There are no models of Amazon fulfillment centers in the Louvre.
The Museum of Modern Art has not hosted a retrospective on data centers, research parks or mixed-use city centers.
But I still believe that economic development is a fine art.
Most of the job deals with the intersection of politics, business and commercial real estate. It’s not a profession famous for self-expression. But in some ways, economic development can be as creatively challenging as painting or sculpture.
I’m not calling myself a DaVinci or Michelangelo. We’re all Italian and our names end with a vowel. The comparisons end there.
But I do understand that creativity can be a powerful tool.
Think of a master sculptor during the Renaissance. His wealthy patron requests a statue, so the artist orders a 3-ton block of Carrara marble. It’s shipped over from Tuscany and the sculptor gets to work with the best tools, a full studio staff and all the time he needs to make a masterpiece.
For economic developers, the equivalent to sculpting a masterpiece is negotiating a big project that boosts the local economy.
But unlike the Old Masters, we don’t always get to start with a pristine block of marble. Sometimes we’re handed a stack of scrap lumber and metal and asked to turn that into a work of art. We’re short on time, staff and resources, so we have to get creative.
Economic developers would love the luxury of being able to check all the boxes for a corporate site selector. A large, highly skilled workforce? Check. A well-established, modern infrastructure? Check. Seamless highway connectivity with access to ports, rail and airports? Check.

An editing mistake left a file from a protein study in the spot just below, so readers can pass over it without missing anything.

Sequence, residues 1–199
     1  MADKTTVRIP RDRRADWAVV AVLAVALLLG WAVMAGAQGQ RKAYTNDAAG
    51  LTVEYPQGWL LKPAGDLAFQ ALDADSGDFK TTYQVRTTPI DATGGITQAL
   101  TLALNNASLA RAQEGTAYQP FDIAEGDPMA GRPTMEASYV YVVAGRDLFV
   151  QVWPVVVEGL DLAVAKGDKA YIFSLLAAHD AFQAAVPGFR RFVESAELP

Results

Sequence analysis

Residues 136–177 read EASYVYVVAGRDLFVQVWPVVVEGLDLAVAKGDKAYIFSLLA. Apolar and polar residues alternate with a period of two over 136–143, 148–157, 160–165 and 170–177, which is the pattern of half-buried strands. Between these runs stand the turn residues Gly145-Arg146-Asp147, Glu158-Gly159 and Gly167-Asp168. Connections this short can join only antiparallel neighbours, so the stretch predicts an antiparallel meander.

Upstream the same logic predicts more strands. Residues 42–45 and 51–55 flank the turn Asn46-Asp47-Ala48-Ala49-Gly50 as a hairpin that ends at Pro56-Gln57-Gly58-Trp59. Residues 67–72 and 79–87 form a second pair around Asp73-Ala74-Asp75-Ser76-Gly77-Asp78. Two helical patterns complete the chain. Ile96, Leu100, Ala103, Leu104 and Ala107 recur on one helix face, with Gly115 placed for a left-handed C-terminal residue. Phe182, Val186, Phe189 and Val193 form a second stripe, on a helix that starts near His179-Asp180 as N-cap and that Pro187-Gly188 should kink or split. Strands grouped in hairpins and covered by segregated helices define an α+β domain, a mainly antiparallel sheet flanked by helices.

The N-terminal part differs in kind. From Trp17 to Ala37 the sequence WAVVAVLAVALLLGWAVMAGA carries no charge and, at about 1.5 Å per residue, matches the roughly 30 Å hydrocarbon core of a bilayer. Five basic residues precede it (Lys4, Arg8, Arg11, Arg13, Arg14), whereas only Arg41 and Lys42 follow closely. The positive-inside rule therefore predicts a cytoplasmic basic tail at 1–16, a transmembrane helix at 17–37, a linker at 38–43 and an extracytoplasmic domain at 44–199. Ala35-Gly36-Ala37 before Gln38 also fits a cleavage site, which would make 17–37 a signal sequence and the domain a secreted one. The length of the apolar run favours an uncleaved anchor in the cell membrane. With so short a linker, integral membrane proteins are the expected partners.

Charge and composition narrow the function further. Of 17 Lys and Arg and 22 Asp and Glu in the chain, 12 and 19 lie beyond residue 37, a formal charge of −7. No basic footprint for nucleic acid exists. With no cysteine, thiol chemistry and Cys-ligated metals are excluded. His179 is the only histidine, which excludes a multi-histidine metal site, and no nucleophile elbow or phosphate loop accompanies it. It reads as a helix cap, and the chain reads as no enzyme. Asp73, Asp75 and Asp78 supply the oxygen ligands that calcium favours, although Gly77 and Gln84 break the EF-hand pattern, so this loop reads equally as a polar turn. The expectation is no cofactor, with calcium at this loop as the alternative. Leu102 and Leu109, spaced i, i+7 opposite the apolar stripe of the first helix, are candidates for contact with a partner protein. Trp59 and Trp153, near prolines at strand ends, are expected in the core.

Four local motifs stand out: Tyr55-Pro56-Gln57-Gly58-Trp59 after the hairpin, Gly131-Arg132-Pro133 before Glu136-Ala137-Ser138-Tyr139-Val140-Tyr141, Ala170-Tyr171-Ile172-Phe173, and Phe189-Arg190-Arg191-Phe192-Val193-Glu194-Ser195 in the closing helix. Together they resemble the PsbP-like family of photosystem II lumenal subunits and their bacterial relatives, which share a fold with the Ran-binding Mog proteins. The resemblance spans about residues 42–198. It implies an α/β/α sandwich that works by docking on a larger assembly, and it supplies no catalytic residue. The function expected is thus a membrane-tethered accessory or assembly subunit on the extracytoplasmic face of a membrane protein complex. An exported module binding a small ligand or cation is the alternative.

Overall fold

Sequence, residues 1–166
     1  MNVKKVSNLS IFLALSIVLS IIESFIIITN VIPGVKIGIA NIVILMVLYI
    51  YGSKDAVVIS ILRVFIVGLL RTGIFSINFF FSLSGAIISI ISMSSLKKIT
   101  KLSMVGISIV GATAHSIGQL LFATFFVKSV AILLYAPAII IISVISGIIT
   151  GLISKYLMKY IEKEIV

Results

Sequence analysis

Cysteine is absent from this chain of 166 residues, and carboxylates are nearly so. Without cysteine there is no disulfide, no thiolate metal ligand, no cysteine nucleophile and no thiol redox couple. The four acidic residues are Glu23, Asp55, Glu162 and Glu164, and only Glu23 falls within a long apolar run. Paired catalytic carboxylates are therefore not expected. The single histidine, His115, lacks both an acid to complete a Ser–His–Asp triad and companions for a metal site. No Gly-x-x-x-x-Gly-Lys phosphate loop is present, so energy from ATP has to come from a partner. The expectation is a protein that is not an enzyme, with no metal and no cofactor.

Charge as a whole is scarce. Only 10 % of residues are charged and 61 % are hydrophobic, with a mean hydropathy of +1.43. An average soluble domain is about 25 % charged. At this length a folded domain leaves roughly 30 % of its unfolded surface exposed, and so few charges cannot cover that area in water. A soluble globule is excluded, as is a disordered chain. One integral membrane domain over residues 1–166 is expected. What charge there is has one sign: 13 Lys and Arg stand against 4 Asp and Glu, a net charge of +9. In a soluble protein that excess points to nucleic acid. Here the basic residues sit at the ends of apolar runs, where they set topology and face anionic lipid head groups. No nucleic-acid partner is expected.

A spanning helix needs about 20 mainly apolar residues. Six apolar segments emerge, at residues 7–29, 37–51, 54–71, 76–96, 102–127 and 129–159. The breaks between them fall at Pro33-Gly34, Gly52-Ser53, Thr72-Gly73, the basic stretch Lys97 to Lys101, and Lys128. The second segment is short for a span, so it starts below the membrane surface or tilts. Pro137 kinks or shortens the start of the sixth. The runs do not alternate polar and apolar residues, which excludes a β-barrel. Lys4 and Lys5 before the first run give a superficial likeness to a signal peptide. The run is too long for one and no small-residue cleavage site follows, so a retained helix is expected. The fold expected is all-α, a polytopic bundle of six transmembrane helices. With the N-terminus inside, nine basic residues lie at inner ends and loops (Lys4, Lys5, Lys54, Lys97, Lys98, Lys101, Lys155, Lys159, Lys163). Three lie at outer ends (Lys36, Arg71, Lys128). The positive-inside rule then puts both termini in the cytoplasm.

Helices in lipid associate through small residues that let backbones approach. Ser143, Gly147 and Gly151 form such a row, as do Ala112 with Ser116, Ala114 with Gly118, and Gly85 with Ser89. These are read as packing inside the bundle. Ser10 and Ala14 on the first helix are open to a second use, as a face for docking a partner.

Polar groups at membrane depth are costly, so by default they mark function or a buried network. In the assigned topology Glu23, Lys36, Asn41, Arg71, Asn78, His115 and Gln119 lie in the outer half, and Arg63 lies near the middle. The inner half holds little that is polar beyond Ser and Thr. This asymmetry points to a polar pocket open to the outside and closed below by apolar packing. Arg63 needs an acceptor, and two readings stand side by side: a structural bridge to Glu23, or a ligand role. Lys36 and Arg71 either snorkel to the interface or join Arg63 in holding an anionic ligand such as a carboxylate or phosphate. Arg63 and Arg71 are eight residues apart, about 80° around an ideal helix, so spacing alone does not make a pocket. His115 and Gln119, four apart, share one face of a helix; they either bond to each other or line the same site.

But perfection is the exception, so we work with what we have.
Commercial real estate professionals and small business owners know exactly what I’m talking about.
When they team up to find a new commercial location, one of the first conversations is about understanding the gap between dreams and reality. What do they want? And what can they afford?
Every business owner I know would love the ability to build their vision from the ground up. Who wouldn't want a signature building that makes a grand statement?
But startups and growing companies rarely have the luxury of a blank check budget. Even big businesses understand that expansion is risky and the more that costs can be minimized, the better.
It would be great if every commercial real estate project could begin with a slab of immaculate marble. But sometimes businesses need to use the materials at hand or find a work of art that already exists and make it their own.
Commercial real estate has a term for that kind of resourceful creativity: it’s called adaptive reuse.
In real estate redevelopment, adaptive reuse is simply the repurposing of an existing structure for a new use.
Pretty straightforward, right? You’ve probably seen it a million times. Old warehouses that became luxury loft apartments. Historic buildings that became hip corporate offices. Quirky hotels and restaurants opening up in old banks, retail stores or industrial spaces. Microbreweries appearing in old post offices.
Instead of drafting a design for new construction and shopping for raw land, developers give empty or outmoded structures an extreme makeover.
But what are the advantages of finding a new purpose for a (sometimes obsolete) old building? And why would developers and companies take on the challenges of restoration and renovation instead of just tearing down and starting from scratch?
Every project has its reasons.
Sometimes tackling a reuse project is part of a larger mission that has to do with community, history and preservation. Sometimes it's a strictly financial decision. Other times it has everything to do with brand identity and the “cool factor.”
Adaptive reuse is a much more common option in urban and downtown areas, for the simple reason that that’s where more older buildings are located. It’s been going on in big cities like New York and Chicago for decades. And adaptive reuse has been one of the driving forces behind Detroit’s comeback.